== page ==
Where can I find more information or book on the course?

For more information about our ASIST training or to book please contact Harmless and ask for Sophie Allen (Training coordinator and ASIST trainer).

To book on this course, click here or Telephone: 0115 9348445

Date(s): 7th and 8th September 2015 Times: 9am until 5pm (both days)

Training Location: Harmless, NCVS, 7 Mansfield Road, Nottingham NG1 3FB

Please note: Attendance on both days of the workshop is mandatory

Why help for schools in relation to self harm is so vital.

Schools and professionals should be aware of hidden factors associated when young people help each other with issues around self-harm

That is one finding of a study conducted by Dr Jane Reichardt from the Barnet Educational Psychology Team into the school experiences of adolescents who have self-harmed. The study, which used a psychosocial methodology drawing on psychoanalytic ideas and conducted as part of the Doctorate in Child and Educational Psychology at the Tavistock and Portman NHS Foundation Trust, interviewed five young people in depth who were receiving treatment for self-harm.

The study found that helping young people is a complex issue, particularly when other young people are involved. Participants expressed a strong sense of belonging and identification when another young person demonstrated understanding and was experiencing similar feelings to them.

However, the study found that talking with a friend could sometimes exacerbate an individual’s problems, leaving them feeling more depressed and less likely to pursue more appropriate support. In addition, a sense of isolation could be compounded if advice to stop self-harming wasn’t followed.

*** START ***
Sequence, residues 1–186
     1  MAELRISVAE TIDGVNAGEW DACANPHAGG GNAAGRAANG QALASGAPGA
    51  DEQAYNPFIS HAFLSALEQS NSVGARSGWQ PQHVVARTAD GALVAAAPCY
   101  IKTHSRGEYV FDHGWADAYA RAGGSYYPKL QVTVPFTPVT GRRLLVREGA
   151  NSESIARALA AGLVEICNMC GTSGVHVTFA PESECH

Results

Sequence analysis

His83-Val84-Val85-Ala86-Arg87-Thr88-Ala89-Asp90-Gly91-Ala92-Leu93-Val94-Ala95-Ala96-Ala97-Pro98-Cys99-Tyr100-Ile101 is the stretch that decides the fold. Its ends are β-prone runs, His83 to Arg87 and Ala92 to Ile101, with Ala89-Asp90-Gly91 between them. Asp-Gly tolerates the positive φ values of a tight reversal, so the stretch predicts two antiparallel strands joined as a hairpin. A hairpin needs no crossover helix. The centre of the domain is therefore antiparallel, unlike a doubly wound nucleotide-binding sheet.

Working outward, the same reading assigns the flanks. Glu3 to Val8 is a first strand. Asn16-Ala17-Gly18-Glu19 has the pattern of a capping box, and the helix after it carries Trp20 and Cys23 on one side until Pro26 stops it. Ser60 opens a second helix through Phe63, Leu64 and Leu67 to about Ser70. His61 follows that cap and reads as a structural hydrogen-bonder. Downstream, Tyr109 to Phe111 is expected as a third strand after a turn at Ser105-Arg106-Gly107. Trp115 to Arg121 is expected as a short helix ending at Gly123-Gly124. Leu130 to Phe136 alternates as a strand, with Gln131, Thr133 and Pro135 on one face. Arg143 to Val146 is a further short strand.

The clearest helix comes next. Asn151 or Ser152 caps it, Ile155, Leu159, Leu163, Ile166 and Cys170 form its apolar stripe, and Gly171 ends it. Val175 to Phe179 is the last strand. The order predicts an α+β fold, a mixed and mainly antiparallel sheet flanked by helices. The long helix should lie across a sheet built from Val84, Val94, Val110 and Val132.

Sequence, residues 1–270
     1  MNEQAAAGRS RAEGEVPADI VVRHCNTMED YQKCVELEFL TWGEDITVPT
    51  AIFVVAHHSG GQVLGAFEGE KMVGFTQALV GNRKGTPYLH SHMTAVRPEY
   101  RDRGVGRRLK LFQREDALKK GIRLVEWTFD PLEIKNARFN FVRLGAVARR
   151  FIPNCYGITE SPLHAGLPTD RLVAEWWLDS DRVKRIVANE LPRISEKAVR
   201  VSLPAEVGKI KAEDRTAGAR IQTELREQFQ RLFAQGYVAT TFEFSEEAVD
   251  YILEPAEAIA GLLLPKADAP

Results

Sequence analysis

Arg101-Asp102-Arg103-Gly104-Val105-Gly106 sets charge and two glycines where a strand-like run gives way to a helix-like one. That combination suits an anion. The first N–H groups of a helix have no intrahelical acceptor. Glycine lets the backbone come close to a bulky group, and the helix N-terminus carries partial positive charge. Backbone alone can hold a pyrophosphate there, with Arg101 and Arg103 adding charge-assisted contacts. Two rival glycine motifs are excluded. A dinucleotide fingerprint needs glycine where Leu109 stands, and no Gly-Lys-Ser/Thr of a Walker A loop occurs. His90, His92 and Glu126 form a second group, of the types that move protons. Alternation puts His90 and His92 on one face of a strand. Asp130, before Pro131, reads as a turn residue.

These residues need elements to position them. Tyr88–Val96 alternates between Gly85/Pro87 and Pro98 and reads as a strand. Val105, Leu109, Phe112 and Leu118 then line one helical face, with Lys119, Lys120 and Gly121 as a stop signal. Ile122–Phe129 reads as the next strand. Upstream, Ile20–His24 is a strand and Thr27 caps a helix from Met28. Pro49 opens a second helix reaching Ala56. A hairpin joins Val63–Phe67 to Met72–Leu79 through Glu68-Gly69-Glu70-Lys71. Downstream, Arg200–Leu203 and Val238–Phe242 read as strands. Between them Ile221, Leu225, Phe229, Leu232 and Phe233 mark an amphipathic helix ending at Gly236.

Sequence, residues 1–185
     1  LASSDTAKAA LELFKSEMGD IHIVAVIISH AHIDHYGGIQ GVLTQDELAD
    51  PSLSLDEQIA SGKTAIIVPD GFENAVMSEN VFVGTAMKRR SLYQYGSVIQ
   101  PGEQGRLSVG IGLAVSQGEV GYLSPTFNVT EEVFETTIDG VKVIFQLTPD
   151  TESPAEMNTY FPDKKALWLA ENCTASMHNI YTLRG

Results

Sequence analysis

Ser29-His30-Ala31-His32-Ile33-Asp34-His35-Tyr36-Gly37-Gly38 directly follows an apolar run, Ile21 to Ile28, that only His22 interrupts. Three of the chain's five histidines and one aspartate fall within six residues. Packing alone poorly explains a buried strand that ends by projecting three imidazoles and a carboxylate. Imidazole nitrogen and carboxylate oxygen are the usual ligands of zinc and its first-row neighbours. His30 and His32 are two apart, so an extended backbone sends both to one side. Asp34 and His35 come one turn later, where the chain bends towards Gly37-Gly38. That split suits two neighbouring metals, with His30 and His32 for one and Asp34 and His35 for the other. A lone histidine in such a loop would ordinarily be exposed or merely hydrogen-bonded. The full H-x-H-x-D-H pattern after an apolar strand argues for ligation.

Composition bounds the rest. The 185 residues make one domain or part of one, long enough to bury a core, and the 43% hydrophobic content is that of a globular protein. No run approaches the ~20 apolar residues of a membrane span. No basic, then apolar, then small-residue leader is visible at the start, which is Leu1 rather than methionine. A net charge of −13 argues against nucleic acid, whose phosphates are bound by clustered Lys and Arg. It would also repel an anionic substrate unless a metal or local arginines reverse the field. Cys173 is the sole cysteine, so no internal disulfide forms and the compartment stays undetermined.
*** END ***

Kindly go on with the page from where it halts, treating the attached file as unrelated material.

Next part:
Dr Jane Reichardt said: “Previous research has suggested that young people prefer to receive help from other young people or cope alone. Schools need to be aware that if young people are finding solace from their problems in other troubled young people and disclosing self-harm, they may not be getting the right help they need to address the underlying issues.

“Educational psychologists have a key role to play in supporting school staff to think about systemic issues around supporting this vulnerable group, including how to provide a well-supported pastoral care system. In addition, staff require support to process and make sense of the anxieties evoked by working with this vulnerable group of people.”

The Tomorrow Project would like to thank those who have recently completed fundraising for our suicide prevention services

Throughout the month of May the Tomorrow Project has received generous donations from numerous sources that have completed fundraising on our behalf.

Earlier this month Hollie ran the Litchfield Half Marathon in aid of the service. Her wonderful fundraising has raised a total of £500 which will go directly into helping us to provide support to individuals and the local community.